Anthony Bourdain was quick – and often willing – to publicly offer his own flaws.
“Until 44 years of age, I never had any kind of savings account,” Bourdain said in 2017. “[I] always owed money. I’d always been selfish and completely irresponsible.”
Despite or maybe because of such flaws, Bourdain would stumble into fame, parlaying his latent talent as a writer into hosting three increasingly sophisticated variants of the same food-oriented travel show — first on the Food Network, then on the Travel Channel and finally on CNN.
“For a long time, Tony thought he was going to have nothing,” his publisher, Dan Halpern, told The New Yorker. “He can’t believe his luck. He always seems happy that he actually is Anthony Bourdain.”
In his professional ascendance, Bourdain developed a unique journalistic voice, demonstrating an underlying, at times seemingly innate ability to acquaint viewers with foreign lands and cultures divergent from their own without mocking his subjects. Instead he humanized the local tapestry of individuals, implicitly encouraging his viewers to do the same. It is for this reason that various communities, including the Jewish community, trusted Bourdain with their respective cultures and heritages — and mourned deeply the news of his death, at 61, on Friday.
In the opening of the 2013 episode in which he visits Israel, the West Bank and Gaza Strip, Bourdain notes that the region is “easily the most contentious piece of real estate in the world. And there’s no hope – none – of ever talking about it without pissing somebody, if not everybody, off.”
And yet, still simply happy to be here – happy to have accidentally secured the reverence now attached to his name – he worries not of angering partisans, instead focusing on his task: telling individual stories through food.
“By the end of this episode, I’ll be seen by many as a terrorist sympathizer, a Zionist tool, a self-hating Jew, an apologist for American imperialism, an orientalist, fascist, socialist CIA agent and worse. So here goes nothing,” he said.
In addition to addressing his own internal struggles, by wrapping himself in tefillin at the Western Wall and praying, as a Jew, for the first time in his life (he described himself as “hostile to any sort of devotion”), Bourdain interrogates his subjects, who span the cultural, ethnic and political spectrums. He coaxes them to explicate the extremism of their respective communities.
Over a meal in a Jewish settlement, Bourdain asks a resident about local graffiti reading “Death to Arabs”; the settler admits that it should “probably” be expunged. At the Aida refugee camp outside Bethlehem, he prods a local children’s theater director, asking why communal heroes are armed gunmen, hijackers and suicide bombers rather than TV stars or singers. The director, like the settler, offers a moderate apology, acknowledging that the situation is not healthy.
In Israel proper, Bourdain speaks with the Jewish Natan Galkowicz, who lost a daughter in a missile attack from Gaza.
“I know that my daughter was killed for no reason, and I know that people on the other side have been killed for no reason,” Galkowicz tells Bourdain. “Bottom line is, let’s stop with the suffering.”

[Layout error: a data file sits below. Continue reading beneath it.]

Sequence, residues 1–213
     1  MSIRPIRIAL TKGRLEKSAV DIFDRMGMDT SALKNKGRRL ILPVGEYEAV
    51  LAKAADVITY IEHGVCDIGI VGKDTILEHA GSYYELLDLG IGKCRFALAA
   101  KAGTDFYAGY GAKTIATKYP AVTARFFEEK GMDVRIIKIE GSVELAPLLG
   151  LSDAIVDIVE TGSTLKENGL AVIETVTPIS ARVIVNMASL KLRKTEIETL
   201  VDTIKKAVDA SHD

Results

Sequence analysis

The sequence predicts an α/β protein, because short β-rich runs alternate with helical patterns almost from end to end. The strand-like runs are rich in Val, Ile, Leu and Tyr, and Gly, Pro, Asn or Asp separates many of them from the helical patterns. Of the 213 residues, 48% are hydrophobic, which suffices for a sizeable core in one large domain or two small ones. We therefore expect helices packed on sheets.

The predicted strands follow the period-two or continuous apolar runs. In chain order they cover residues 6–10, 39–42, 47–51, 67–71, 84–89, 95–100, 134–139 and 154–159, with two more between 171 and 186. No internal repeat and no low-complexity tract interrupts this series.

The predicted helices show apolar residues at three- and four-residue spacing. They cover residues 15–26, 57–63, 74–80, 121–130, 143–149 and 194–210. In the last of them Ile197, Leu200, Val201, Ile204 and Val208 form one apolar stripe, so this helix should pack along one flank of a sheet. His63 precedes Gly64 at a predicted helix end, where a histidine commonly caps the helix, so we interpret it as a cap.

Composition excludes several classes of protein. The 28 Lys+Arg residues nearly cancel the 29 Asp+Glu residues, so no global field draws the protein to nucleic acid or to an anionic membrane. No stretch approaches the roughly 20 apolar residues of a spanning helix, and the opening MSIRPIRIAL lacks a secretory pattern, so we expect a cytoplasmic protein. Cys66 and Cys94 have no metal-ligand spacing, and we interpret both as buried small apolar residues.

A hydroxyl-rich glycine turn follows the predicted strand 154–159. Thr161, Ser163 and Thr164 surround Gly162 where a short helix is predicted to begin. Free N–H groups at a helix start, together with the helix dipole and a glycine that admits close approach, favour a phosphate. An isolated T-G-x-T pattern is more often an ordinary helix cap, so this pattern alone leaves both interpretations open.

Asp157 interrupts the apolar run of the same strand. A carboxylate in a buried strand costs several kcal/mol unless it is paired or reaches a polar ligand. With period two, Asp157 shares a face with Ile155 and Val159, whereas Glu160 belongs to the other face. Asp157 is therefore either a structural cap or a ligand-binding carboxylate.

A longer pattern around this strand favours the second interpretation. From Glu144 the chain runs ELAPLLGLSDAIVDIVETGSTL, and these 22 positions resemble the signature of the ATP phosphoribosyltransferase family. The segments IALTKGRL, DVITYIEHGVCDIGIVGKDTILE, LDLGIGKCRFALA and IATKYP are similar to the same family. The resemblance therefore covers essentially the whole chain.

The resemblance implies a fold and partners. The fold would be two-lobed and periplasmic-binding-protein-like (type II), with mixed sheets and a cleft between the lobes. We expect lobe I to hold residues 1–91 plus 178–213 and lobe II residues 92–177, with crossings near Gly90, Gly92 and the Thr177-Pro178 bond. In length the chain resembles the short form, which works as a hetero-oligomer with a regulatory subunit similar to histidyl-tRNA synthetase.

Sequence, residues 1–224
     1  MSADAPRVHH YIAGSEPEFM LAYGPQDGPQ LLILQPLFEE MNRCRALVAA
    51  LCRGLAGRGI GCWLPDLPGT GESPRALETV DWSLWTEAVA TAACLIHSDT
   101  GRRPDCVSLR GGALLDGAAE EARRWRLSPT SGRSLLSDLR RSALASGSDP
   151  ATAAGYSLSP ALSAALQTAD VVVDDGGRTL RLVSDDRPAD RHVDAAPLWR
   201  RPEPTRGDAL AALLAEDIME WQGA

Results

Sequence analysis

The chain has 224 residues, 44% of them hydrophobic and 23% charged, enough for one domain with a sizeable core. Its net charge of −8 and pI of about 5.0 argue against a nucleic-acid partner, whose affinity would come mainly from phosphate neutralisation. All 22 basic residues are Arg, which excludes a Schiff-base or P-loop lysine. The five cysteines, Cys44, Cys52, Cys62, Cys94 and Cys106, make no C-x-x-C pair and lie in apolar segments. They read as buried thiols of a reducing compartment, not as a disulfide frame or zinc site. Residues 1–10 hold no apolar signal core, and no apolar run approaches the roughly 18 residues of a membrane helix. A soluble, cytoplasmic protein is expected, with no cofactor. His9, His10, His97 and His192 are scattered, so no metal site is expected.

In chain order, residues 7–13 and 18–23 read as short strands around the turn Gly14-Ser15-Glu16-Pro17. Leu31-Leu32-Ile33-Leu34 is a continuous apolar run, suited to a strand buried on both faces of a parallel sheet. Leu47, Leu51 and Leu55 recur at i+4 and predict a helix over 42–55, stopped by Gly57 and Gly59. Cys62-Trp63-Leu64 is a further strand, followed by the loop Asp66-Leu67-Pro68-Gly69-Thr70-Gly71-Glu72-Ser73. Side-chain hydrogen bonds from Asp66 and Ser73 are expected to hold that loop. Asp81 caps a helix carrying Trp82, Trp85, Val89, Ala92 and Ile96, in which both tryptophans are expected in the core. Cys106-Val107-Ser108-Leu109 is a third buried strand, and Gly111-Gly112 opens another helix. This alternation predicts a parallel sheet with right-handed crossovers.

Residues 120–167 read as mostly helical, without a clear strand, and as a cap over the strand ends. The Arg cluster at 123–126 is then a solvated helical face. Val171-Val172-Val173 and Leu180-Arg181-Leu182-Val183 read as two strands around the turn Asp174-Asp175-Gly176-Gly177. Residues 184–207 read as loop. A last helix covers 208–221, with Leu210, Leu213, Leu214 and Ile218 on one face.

The father’s voice underscores the entirety of the episode – mournful over a fraught situation, yet hopeful for peace, not for any particular ideological reason, but in the hopes of a future in which children neither worship armed gunmen nor are killed by missiles and suicide bombs.
Although ever ambivalent about politics, Bourdain allows this episode, likely inevitable due to its focus, to become deeply political. Yet he navigates the regional ideological complexities with ease similar to his canoe junket into Borneo’s jungles.
As Rob Eshman wrote in the Jewish Journal of Los Angeles at the time, “If you like food and you like Israel, this past week’s episode of Anthony Bourdain’s ‘Parts Unknown’ was a win-win … To me, he showed exactly how smart, curious people should engage a complex country — and how Israelis and Palestinians benefit from that approach.”
Throughout his time on television, Bourdain repeatedly forced his viewers to readdress their own biases. In this particular episode, he renders it difficult for viewers to descend into their own communal extremism. It’s hard to imagine watching the episode without empathizing for both, rather than choosing between, the Palestinians and the Israelis.
It is for this reason – his ability, through food, to present on-the-ground, real-life theater in aims of humanizing its players – that Israelis, Palestinians, Colombians, Georgians, Malaysians, Cambodians and Hungarians, among countless others, welcomed Bourdain into not only their locales and cultures but also into their own homes. He did not glorify conflict nor local struggles, but yearned to understand and talk about individuals within their midst.
Floating above the ocean of biased or one-sided media coverage that only serves to reinforce pre-existing communal extremism, Bourdain was a lifeboat of, and for, humanity. He made us all a little more interesting, a little smarter and a little more tolerant of others.
A chef and accidental journalist, Bourdain did the type of reporting that all within the field, particularly in the midst of a global expansion of attacks on the free press, should aim to emulate. His suicide, ominously following news of this week’s CDC report indicating that suicide is rising sharply, shows perhaps how deeply he suffered from his own flaws and contradictions. It was these contradictions, however, that made Bourdain so quick to recognize and respect similar tensions in not only other individuals but in other communities.
For his voice, and for all he taught his viewers, Bourdain will be severely missed, not only in the Jewish community but also, due to his international expansiveness, around the globe.